The credit environment remains stable, and we continue to view credit fundamentals to be “as good as they get.” Credit concerns continue to be focused on states with late budget proposals, such as Pennsylvania, Connecticut and New Jersey. Rating agency trends remain at a ratio of about 1.0 times for upgrades versus downgrades.

Tax Reform: Muni Impact

Municipal markets are now contending with the new House tax reform plan. For our take, please refer to our podcast, The House Tax Reform Plan: Potential Impacts to the Muni Market, in which we detail how the new plan could impact muni fundamentals and technicals. Senior members of our investment team discuss:

  • Elimination of the tax exemption for private activity bonds and advance refundings;
  • Elimination of the bulk of the state and local tax deduction; and
  • Retention of the top individual income tax rate of 39.6 percent.

In general, the supply side of the tax-exempt market could shrink, given tax reform in its current form. However, we note that the final version of tax reform could include many changes to the existing House proposal.


Foreign Investors Still Decide to Invest in Corporates

In October, IG corporates had another solid showing. The option-adjusted spread of the Bloomberg Barclays Credit Index tightened 5bps month-over-month, to 91bps. The Index outperformed duration-matched Treasuries by 46bps. The longer maturities performed better during the month (particularly the 10+ year bucket), and the curve flattened.6 IG corporate spreads benefited from a strong economic backdrop and rising Treasury yields, as increased Treasuries made the asset class more attractive to some yield-sensitive buyers (Figure 2).

As in prior months, lower-quality credits outperformed; specifically, crossover credits fared best, while Aa+ credits did worst. On a sector basis, the best-performing sectors were Metals and Mining and Energy bonds, per Barclays. Oil and copper prices rose, benefiting those sectors. The worst-performing sectors were Health Insurance, Sovereigns, Financial Companies, Foreign Agencies and Supranational credits.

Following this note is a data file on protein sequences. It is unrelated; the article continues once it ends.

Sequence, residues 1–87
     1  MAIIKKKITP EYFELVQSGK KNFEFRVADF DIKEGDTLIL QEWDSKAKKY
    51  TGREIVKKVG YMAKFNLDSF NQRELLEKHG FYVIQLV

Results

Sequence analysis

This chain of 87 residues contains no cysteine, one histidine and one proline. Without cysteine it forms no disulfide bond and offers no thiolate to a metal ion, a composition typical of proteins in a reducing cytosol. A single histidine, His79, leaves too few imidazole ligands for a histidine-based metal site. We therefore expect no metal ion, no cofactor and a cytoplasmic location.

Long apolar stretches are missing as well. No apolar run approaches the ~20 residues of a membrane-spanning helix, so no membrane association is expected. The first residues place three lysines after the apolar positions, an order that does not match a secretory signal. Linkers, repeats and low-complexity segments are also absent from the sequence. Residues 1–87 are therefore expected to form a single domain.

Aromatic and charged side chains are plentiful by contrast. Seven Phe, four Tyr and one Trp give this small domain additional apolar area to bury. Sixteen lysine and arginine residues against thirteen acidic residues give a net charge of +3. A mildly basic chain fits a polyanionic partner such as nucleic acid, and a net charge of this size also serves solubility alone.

Looking within sector performance, Retail benefited from two large tender offers announced during the month, from Wal-Mart Stores Inc. and Target Corp. However, this was offset by poor performance from CVS Health Corp. and Walgreens Boots Alliance Inc., on rising concerns that would enter the pharmaceutical space and reports that CVS was interested in acquiring Aetna Inc. The Pharmaceutical sector was also hurt by concerns about Amazon’s pharmaceutical push, as well as weak 3Q17 reporting from TEVA Pharmaceutical Industries Ltd. and unfavorable guidance from Celgene Corp.

3Q17 earnings were strong, particularly in Technology, Energy and Materials. U.S. Bank results were generally good, with strong capital and improved earnings, partially offset by a modest deterioration in consumer credit quality primarily in credit card and auto loan segments.

On the demand side, foreign buyers continue to show interest in the space as U.S. IG corporate yields continue to outpace foreign yields. IG funds reported $16 billion of inflows—the 21st consecutive month of inflows—bringing the year-to-date inflow total to $277 billion per Wells Fargo.

Demand was strong enough to prompt solid returns in October, despite another month of robust supply. Issuance was $130 billion in October, which is the highest volume for any October ever, per Bank of America Merrill Lynch (BAML).7 Deals were well-absorbed, although the average new issue concession widened modestly to 4.2bps from 3.7bps in September, per BAML. Looking forward, seasonally, November is typically busier because of the lack of earnings blackout periods. However, heavy volumes in October suggest that some deals may have been front-loaded.

Tax Reform: Corporate Impact

The new tax reform bill could also significantly impact corporate bonds. In general, we think the bill is positive for corporates in its current form, given the lower corporate tax rate and repatriation that may free up cash held overseas. Highlights of the tax bill include:

  • Corporate tax rate lowered to 20 percent from 35 percent, which could increase after-tax earnings;
  • Interest expense still deductible, except when it exceeds 30 percent of Ebitda;
  • A one-time 12 percent favorable repatriation rate on cash, which could lead to lower corporate supply, depending on company use of the repatriated cash;
  • Interest deductibility for capex in the year it’s incurred; and
  • No taxes on future foreign profits whether repatriated or not. However, as currently written, the framework appears designed to levy a 20 percent excise tax on companies that make payments to their offshore affiliates.

For more thoughts on the potential impact of tax reform, see our 3Q17 Corporate Commentary, written by our co-head of research, Nick Elfner.


Figuring Out the Value